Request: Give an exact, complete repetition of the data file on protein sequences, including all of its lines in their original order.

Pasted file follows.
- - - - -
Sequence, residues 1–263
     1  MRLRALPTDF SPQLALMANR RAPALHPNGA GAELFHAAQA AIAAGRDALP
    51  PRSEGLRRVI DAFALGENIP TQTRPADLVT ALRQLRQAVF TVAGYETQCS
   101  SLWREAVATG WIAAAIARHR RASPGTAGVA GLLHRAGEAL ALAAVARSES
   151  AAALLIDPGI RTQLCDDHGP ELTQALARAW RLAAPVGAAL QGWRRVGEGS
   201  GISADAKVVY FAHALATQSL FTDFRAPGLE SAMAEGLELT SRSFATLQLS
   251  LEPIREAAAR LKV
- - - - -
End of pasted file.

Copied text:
Sequence, residues 1–263
     1  MRLRALPTDF SPQLALMANR RAPALHPNGA GAELFHAAQA AIAAGRDALP
    51  PRSEGLRRVI DAFALGENIP TQTRPADLVT ALRQLRQAVF TVAGYETQCS
   101  SLWREAVATG WIAAAIARHR RASPGTAGVA GLLHRAGEAL ALAAVARSES
   151  AAALLIDPGI RTQLCDDHGP ELTQALARAW RLAAPVGAAL QGWRRVGEGS
   201  GISADAKVVY FAHALATQSL FTDFRAPGLE SAMAEGLELT SRSFATLQLS
   251  LEPIREAAAR LKV